In the 1700s, a stone could be seen in Martenses’ Lane, south of that burial-ground, that bore a hoof mark. How it came to be there is quite the tale.
There was once a man named Joost who was plodding home on Saturday night, his fiddle under his arm. He had been playing for a wedding in Flatbush and had been drinking schnapps until he saw stars on the ground and fences in the sky; in fact, the universe seemed so out of order that he seated himself rather heavily on this rock to think about it.
The behavior of the stars in swimming and rolling struck him as especially curious, and Joost conceived the notion that they wanted to dance. Putting his fiddle to his chin, he began a wild jig, and though he made it up as he went along, he was conscious of doing finely, when the boom of a bell sent a shiver down his spine. It was twelve o’clock, and here he was playing a dance tune on Sunday, which in those days was considered a terrible sin.
However, Joost reckoned, the sin of playing for one second on the Sabbath was as great as that of playing all day; so, as long as he was in for it, he resolved to carry the tune to the end, and he fiddled away with a reckless vehemence. Presently he became aware that the music was both wilder and sweeter than before, and that there was more of it. Not until then did he observe that a tall, thin stranger stood beside him; and that he was fiddling too. He was composing a second to Joost’s air, as if he could read his thought before he put it into execution on the strings. Joost paused, and the stranger did likewise.
“Where the devil did you come frum?” asked Joost.
The other smiled.
“And how did you come to know my music?” Joost pursued.
“Oh, I’ve known that tune for years,” was the reply. “It’s called ‘The Devil’s joy at Sabbath Breaking.’”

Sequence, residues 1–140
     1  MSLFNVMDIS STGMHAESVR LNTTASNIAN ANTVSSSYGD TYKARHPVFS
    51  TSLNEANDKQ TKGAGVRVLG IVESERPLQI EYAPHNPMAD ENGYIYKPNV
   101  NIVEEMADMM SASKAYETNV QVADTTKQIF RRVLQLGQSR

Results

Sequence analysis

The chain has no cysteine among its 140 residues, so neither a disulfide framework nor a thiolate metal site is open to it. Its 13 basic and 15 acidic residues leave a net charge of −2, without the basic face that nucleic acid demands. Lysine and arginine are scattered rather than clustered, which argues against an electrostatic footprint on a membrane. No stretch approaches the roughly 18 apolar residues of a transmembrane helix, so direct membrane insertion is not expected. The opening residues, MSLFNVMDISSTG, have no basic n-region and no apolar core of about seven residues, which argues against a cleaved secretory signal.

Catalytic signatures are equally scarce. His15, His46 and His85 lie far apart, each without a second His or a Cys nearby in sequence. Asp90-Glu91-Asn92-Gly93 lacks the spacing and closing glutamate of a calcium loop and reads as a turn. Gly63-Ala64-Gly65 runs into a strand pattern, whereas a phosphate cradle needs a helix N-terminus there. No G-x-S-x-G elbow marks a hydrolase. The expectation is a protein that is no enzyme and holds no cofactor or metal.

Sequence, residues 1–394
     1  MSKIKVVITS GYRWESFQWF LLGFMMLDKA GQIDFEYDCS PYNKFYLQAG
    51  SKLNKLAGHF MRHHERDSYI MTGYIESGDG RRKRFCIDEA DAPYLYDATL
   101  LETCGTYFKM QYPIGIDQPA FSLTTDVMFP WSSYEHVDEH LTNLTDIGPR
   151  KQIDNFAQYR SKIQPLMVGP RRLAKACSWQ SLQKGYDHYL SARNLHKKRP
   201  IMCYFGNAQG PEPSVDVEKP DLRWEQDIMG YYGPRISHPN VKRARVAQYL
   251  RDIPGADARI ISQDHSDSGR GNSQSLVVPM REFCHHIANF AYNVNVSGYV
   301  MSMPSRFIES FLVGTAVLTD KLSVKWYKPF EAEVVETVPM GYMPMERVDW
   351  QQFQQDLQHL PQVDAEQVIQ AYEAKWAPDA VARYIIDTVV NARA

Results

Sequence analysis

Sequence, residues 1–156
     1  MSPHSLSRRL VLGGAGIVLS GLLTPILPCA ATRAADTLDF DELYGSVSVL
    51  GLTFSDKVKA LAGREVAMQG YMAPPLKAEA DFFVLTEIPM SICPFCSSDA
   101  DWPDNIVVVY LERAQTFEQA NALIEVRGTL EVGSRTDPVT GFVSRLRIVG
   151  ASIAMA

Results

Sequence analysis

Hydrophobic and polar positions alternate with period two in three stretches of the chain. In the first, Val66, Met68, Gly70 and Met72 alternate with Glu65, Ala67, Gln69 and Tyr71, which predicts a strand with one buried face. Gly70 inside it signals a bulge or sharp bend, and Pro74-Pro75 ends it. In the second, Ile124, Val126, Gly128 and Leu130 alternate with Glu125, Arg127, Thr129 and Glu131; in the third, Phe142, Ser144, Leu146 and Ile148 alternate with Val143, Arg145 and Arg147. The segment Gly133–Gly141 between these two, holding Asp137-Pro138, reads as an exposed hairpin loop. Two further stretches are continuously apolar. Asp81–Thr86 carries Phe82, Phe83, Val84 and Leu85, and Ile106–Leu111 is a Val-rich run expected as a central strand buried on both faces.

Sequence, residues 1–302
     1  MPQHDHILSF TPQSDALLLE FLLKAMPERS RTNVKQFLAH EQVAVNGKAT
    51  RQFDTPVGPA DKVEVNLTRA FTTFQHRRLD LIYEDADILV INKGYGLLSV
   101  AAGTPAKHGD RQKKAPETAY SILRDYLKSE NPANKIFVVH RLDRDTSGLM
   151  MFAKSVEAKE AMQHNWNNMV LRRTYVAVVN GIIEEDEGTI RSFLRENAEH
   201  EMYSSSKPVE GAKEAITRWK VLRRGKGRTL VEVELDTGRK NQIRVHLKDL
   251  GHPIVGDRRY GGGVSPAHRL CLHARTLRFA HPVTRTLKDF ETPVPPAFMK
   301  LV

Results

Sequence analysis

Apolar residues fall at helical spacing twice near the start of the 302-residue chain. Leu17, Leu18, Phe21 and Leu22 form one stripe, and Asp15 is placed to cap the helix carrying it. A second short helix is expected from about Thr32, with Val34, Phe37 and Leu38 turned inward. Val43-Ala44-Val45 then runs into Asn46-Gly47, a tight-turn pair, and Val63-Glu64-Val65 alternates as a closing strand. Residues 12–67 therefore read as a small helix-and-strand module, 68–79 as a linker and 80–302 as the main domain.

“You’re a liar!” cried Joost.
The stranger bowed and burst into a roar of laughter.
“A liar!” repeated Joost, “for I made up the music this very minute.”
“Yet you notice that I could follow when you played.”
“Humph! Yes, you can follow.”
“And I can lead, too. Do you know the tune ‘Go to the Devil and Shake Yourself?’”
“Yes; but I play second to nobody.”
“Very well, I’ll beat you at any air you try.”
“Done!” said Joost.
And then began a contest that lasted until daybreak. The stranger was an expert, but Joost seemed to be inspired, and just as the sun appeared he sounded, in broad and solemn harmonies, the hymn of Von Catts: “Now behold, at dawn of day, Pious Dutchmen sing and pray.”
At that the stranger exclaimed, “Well, that beats the devil!” and striking his foot angrily on the rock, disappeared in a flash of fire like a burst bomb. Joost was hurled twenty feet by the explosion and lay on the ground insensible until a herdsman found him some hours later. As he suffered no harm from the contest and became a better fiddler than ever, it is supposed that the recording angel did not inscribe his feat of Sabbath breaking against him in large letters.
There were a few who doubted his story, but they had nothing more to say when he showed them the hoofmark on the rock.
Citation: Skinner, Charles M. Myths and Legends of Our Own Land. Philadelphia: J.B. Lippincott Company, 1896. Edited by S.E. Schlosser. This article is in the public domain and is part of the cited work.